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I Got Your Back
Restaurants tackle mental health stigma with peer-to-peer support
By Daniel Barnes
For as long as Patrick Mulvaney could remember, his industry had four responses for restaurant workers dealing with depression.
“They were: go home, get back on the line, stop drinking or let’s do a shot,” says the chef and owner at Mulvaney’s B&L. “None of them were good.”
The insufficiency of those methods was exposed in early 2018 when several suicides rocked the local food scene. Following the May 2018 death of Noah Zonca, former chef at The Kitchen, Mulvaney and other prominent local chefs and restaurant owners started searching for a solution to an issue that their industry had ignored for ages: mental health.
On the Friday before a planned meeting to discuss the issue, news broke that celebrity chef Anthony Bourdain died by suicide. That tragedy only emphasized the literal life-or-death urgency of the problem. “Ten days after Bourdain’s death, we had 15 chefs and restaurateurs sitting around a table with the leading lights of mental health in Sacramento,” Mulvaney says.
Out of that meeting came the beginnings of the I Got Your Back program. Started by Mulvaney and his wife Bobbin, IGYB is a peer-to-peer resource and support system designed to combat the stigma of discussing mental health. IGYB teaches employees to look for warning signs, creates a safe environment to talk about personal issues and provides access to mental health resources.
At least one restaurant employee trained in peer counseling wears a purple hand marker during each shift. The marker signifies that the employee is available to listen to colleagues’ mental health and addiction problems. He or she can also seek out coworkers who are believed to be seriously struggling. Meanwhile, managers and owners take regular mental health “temperature checks” to encourage communication.
In November 2019, a dozen Sacramento restaurants wrapped up a two-month pilot phase of IGYB funded by Dignity Health, Kaiser Permanente, Sutter Health, UC Davis and the Sacramento Kings. “What the pilot program found was that there is a dramatic increase of awareness about mental health services,” Mulvaney says. “There was also a significant increase in people’s willingness to discuss mental health issues in the restaurant among their peers.”
According to a 2015 Substance Abuse and Mental Health Services Administration study, nearly 17 percent of full-time food service and hospitality employees have substance-abuse disorders. Meanwhile, a 2016 survey found that 73 percent of restaurant workers reported dealing with multiple mental health conditions.
Mulvaney believes that part of the problem stems from a natural inclination toward hospitality. “Because we’re always focused on the other, we don’t take the time to focus on ourselves,” he says. “We now finally in our industry are starting to talk about what our self-need is.”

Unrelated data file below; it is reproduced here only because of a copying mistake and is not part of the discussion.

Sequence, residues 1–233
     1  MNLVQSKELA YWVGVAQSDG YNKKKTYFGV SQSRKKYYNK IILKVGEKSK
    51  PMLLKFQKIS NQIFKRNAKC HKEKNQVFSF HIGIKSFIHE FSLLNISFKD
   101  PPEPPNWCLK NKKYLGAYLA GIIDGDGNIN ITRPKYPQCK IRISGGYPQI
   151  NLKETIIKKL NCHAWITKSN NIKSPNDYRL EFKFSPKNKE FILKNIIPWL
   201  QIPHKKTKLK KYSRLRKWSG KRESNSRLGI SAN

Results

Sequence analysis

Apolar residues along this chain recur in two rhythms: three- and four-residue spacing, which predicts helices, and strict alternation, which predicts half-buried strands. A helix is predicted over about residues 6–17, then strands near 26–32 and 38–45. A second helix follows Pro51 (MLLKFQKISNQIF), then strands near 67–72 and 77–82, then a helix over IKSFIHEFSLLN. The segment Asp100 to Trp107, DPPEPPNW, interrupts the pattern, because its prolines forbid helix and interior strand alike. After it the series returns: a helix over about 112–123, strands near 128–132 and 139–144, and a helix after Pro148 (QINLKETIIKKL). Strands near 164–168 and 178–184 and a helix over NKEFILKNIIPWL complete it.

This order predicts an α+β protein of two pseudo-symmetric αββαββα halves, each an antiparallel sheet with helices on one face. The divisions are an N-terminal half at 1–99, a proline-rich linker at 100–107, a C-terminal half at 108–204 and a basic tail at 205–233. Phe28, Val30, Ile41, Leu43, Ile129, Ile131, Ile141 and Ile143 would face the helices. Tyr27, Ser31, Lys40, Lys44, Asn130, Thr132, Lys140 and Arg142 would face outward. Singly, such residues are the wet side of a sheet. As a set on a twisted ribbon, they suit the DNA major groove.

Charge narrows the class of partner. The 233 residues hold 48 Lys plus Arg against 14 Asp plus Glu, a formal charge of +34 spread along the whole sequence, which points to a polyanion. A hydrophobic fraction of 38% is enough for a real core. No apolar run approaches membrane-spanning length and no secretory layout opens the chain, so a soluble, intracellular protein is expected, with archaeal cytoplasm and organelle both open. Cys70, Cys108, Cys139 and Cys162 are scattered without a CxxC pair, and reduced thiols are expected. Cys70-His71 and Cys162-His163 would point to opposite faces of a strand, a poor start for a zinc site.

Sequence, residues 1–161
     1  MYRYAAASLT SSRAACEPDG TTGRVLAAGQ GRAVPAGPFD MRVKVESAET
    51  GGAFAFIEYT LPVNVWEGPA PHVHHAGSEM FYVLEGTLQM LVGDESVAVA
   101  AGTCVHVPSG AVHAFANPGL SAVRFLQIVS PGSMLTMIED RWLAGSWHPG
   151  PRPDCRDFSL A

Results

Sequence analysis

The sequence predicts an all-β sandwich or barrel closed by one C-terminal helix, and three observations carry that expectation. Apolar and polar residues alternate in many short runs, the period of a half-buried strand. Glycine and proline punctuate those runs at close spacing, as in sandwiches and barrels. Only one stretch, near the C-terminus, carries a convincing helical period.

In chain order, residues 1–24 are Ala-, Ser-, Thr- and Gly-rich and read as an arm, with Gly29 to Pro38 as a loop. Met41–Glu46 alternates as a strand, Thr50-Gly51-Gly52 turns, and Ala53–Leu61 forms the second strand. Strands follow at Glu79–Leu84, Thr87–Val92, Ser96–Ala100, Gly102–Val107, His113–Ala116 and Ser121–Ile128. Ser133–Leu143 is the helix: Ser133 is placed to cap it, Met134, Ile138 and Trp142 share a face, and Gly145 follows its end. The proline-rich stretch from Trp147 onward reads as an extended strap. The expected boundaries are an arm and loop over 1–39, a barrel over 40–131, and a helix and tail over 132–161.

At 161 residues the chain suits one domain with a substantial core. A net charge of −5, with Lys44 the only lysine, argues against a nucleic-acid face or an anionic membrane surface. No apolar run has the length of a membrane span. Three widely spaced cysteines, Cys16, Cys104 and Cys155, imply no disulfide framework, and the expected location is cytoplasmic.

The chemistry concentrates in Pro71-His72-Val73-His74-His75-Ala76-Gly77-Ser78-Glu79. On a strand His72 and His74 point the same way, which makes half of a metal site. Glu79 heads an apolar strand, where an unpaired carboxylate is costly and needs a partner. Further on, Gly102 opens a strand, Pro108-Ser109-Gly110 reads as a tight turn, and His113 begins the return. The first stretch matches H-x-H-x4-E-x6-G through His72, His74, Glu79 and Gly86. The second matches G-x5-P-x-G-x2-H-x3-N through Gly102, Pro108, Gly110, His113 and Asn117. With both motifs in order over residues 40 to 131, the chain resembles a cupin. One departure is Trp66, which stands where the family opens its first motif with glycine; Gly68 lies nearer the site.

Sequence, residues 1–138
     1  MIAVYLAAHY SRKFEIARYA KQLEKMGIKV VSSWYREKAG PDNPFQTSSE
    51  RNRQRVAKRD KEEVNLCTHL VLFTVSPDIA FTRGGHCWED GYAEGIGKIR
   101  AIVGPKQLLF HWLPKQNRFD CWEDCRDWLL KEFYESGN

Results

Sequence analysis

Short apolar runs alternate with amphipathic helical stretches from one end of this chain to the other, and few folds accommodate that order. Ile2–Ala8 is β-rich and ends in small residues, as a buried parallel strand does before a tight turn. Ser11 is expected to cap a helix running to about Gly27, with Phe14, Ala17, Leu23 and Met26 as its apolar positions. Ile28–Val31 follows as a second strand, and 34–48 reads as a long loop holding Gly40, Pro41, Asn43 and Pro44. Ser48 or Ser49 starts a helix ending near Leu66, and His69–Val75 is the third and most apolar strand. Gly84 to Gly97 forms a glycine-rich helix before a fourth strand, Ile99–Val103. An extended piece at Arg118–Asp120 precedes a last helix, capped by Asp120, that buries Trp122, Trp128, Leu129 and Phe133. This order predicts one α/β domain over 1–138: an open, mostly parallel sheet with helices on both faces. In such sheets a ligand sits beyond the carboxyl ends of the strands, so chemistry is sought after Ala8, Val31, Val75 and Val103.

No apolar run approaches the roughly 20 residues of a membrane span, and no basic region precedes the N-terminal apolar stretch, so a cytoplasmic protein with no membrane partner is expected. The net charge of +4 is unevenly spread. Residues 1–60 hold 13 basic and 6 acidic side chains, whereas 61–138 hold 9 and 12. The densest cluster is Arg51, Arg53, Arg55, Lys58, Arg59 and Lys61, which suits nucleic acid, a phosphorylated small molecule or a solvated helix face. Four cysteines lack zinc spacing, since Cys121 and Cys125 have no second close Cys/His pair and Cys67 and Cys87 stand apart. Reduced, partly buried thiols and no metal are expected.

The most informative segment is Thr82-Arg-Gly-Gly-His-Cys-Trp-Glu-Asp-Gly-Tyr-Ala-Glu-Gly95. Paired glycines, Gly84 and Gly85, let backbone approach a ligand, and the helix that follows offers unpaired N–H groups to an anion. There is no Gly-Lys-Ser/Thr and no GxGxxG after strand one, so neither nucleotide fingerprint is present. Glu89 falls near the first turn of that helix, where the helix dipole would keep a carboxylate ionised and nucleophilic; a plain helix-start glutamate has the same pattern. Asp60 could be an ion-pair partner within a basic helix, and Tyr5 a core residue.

Oak Park Brewing Co. co-owner and head brewer Geoff Scott sees firsthand the pressures that restaurant workers deal with. “I’d never worked in a restaurant before. You watch these people, and they work extremely hard,” he says. “They work under high pressure. When the restaurant’s slammed, everyone’s hustling.”
Oak Park Brewing recently partnered with IGYB on a beer collaboration to raise money and awareness for the project. Twenty local bars and restaurants sold 100 gallons of IGYB Red Lager. Participating restaurants received one keg apiece, and most places ran out of the beer that night.
“We wanted to brew a lower-alcohol beer, almost as low as possible,” Scott says. “We added some crystal malt and some roasted malt to give it a lot more malt flavor.” Oak Park plans to bring back IGYB Red Lager every year on Oct. 10 to commemorate World Mental Health Day.
As for the IGYB program, Mulvaney has already seen positive results. Last Christmas, one of Mulvaney’s employees came into work and told the “purple hand” on shift that he was thinking about suicide. That employee received the mental health services he needed.
Mulvaney’s experiences also came in handy when multiple deaths shocked the Cincinnati restaurant scene in January. “I got phone calls from my friends out there to say, just like us in 2018, ‘What do we do?’” Mulvaney shared resources with his friends in Cincinnati and, within a few weeks, they held several meetings and started a Facebook group with more than 1,000 members.
The coronavirus pandemic has forced the Mulvaneys to put off plans for program expansion. Previously, they were working with restaurant associations in several states and planning engagements. The couple were also talking with the Steinberg Institute and other local organizations about mental health, while making their case to U.S. Rep. Doris Matsui and other politicians.
“Those are all things that are not in my comfort zone. I’m a cook, and I just want to make soup,” Mulvaney says. “But it’s amazing that it resonates, and that people are paying attention.”
Daniel Barnes can be reached at email@example.com. Follow us on Facebook, Twitter and Instagram: @insidesacramento.